You could use a single, smartly chosen knife that might adequately perform every outdoor task imaginable. But then you could not be my friend. I have a knife fetish, and am happy to admit it. And I look with pity (and some scorn) on those who take a one-blade-fits-all approach to the vast and enchanting world of cutlery. Therefore I propose my list of the 10 Best Knives For Practically Everything. Feel free to disagree. If you have strong opinions about knives, we’re half-way to BFF status already.
The Quick Field Skinner: Onion Skinner by CRKT
Onion Skinner by CRKT CRKT
Ken Onion is one of the best-known knife designers in the business, and he says it took him 5 years to perfect this blade. It was time well spent. There’s nothing else quite like it out there, and nothing else that opens up a big game animal as cleanly. The sharp spear point slices into hide quickly for minimal cut hair. The blade spine sports a slight hump–odd to the eye, yes, but once the knife tip is under an animal’s belly hide, you rock your hand back to pull the knife tip away from the paunch and let ‘er rip.
The Fancy At-Home Skinner: DiamondBlade Pinnacle I Skinner
With a deer hanging under the back deck, this is my favorite tool to rid the carcass of its hide. Possibly the sharpest knife I own, the sweeping belly gets into every nook and back-of-the-knee cranny, and every now and then I just take a break and look at the thing, marveling that such a utilitarian object can be so dang beautiful.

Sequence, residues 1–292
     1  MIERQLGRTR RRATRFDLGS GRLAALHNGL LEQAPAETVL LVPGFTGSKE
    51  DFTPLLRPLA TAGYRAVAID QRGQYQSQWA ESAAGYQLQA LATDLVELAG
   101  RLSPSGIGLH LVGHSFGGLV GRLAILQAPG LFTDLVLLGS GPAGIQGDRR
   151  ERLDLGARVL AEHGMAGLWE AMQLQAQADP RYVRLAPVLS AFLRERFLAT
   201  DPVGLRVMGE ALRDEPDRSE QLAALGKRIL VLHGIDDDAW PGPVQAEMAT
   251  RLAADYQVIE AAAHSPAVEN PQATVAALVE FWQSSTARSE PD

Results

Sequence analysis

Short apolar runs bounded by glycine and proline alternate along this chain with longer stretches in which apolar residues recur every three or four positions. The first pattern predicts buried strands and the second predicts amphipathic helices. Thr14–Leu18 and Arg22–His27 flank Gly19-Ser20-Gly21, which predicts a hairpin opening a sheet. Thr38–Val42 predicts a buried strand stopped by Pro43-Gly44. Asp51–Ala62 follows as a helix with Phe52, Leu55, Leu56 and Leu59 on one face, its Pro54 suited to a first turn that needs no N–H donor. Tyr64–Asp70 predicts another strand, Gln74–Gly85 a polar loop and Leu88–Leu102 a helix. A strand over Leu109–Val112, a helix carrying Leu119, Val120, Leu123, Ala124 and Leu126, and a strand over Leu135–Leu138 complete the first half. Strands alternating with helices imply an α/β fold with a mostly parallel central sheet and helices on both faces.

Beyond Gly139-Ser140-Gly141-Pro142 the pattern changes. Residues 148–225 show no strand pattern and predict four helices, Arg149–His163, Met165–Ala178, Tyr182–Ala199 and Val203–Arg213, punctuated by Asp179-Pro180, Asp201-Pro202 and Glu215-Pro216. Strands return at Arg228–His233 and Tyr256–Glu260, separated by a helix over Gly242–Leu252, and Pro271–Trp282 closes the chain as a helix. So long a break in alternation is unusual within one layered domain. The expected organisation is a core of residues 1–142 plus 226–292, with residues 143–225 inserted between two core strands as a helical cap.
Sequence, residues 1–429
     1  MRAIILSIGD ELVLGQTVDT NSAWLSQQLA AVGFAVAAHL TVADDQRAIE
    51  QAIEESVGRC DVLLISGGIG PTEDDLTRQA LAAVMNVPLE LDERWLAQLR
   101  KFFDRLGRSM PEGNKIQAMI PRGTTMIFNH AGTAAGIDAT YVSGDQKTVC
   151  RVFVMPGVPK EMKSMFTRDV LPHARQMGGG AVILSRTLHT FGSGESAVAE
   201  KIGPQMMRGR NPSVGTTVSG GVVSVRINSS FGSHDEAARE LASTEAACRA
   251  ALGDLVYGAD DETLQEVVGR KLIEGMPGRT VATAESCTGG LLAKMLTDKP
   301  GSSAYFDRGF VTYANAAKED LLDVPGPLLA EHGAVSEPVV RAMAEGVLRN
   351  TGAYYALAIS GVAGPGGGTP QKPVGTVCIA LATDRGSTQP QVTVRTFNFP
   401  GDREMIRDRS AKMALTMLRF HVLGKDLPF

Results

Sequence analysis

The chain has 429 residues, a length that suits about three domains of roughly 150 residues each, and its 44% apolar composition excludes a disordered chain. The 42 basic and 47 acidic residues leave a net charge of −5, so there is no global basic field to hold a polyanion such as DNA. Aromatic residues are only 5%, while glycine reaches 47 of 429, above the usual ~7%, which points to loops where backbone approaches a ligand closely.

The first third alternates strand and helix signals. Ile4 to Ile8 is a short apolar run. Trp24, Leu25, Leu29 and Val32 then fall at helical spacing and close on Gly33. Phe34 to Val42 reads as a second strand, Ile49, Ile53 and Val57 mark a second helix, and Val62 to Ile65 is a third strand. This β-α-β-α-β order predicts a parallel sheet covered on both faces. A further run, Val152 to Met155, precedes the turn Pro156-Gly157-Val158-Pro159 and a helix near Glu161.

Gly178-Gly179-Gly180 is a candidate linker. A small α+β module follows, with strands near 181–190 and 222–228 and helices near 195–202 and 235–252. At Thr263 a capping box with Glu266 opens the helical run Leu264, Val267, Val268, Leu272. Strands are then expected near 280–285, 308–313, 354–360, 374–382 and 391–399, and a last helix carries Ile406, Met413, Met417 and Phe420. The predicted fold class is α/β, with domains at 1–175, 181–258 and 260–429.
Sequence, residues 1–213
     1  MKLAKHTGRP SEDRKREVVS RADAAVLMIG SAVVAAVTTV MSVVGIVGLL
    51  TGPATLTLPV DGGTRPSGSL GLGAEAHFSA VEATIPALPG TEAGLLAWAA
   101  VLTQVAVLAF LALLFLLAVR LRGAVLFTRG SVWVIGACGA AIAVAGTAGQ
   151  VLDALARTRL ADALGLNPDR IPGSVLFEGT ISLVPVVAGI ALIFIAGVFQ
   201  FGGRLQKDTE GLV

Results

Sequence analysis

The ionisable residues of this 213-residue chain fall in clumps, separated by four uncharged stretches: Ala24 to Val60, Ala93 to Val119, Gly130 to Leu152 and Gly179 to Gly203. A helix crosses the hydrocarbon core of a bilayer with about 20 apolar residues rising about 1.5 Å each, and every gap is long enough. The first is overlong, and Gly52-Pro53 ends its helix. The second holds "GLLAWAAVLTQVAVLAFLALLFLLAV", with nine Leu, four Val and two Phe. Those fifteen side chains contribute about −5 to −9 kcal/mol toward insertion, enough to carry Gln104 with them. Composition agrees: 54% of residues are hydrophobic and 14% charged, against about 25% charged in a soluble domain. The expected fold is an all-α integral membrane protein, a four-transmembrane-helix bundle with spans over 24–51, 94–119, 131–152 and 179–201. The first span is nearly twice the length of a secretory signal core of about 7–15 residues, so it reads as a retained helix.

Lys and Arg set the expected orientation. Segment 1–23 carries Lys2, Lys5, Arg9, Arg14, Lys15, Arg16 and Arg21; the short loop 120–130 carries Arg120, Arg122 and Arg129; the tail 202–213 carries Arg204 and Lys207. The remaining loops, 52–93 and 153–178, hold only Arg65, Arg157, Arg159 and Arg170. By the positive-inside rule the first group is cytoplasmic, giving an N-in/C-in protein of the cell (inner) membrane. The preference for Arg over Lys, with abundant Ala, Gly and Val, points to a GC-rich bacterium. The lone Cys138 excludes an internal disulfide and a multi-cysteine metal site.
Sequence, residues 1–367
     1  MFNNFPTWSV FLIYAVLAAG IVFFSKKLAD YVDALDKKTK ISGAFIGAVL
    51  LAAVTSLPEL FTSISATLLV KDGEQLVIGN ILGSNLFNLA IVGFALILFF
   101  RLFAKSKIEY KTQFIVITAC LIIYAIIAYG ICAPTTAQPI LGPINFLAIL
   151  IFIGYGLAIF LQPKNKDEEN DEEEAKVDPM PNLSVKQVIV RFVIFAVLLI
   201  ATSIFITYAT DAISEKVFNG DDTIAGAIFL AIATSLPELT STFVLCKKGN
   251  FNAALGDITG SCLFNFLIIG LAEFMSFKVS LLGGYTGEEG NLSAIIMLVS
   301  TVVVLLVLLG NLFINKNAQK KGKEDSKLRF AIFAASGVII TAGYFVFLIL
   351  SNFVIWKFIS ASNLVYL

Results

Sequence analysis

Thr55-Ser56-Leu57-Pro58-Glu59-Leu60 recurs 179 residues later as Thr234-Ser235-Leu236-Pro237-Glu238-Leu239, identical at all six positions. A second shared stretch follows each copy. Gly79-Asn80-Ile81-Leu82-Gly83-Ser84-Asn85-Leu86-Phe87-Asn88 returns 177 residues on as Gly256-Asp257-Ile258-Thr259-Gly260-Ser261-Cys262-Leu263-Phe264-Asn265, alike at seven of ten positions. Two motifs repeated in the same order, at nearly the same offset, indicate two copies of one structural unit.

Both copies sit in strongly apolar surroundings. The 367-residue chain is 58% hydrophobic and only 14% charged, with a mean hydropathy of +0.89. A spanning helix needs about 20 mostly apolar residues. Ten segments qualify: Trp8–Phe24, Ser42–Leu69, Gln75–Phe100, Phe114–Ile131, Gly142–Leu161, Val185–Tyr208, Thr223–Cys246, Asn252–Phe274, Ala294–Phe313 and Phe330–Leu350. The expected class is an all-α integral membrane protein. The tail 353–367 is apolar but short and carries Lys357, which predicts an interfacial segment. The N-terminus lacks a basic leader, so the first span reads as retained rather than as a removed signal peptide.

The Duck & Goose Breasting Knife: Laguiole Folder
Laguiole Folder Knife Laguiole
Its spear point and flexible blade will separate breast meat from breastbone like nobody’s business. The fact that the Laguiole knife is a centuries-old and centuries-celebrated French shepherd’s knife is just a bonus. There may be no finer gift for the waterfowler, but proceed with caution. Laguiole is not a brand, but a style of knife and a knife-making region. Knockoffs abound. If heritage and authenticity matter, go for the Laguiole en Aubrac blades.
The Gut Hook: Original Wyoming Knife
The Original Wyoming Knife Wyoming
Gut hooks are a dime a dozen now, but there’s not a one out there that bests the stand-by, the Original Wyoming Knife. You can grip this thing with the bloodiest, slimiest fingers imaginable. The blades are razor sharp and replaceable. Yes, you have to be careful not to nick yourself, but this is a knife, for crying out loud. If it scares you that much, wear a bicycle helmet.
The Never-Leave-Home-Without-It Knife: Gerber Air Ranger
Gerber Air Ranger Gerber
For 10 years I’ve tried to fall in love with another everyday-carry knife, only because I like to switch things up. But scores (literally) of other folders have come and gone, while this super-duty Gerber still stays in my pocket. It is crazy-tough and super-light, weighing just 2.6 ounces with a blade over 3 inches long. Purists might howl, but I love the half-serrated blade that chews through cordage, cattails, and half-inch branches that need trimming from a treestand. The open CDC aluminum scales make for a perfect beer bottle opener. From opening up the rib cage of a deer to slicing wedding cake, my Air Ranger has done it all.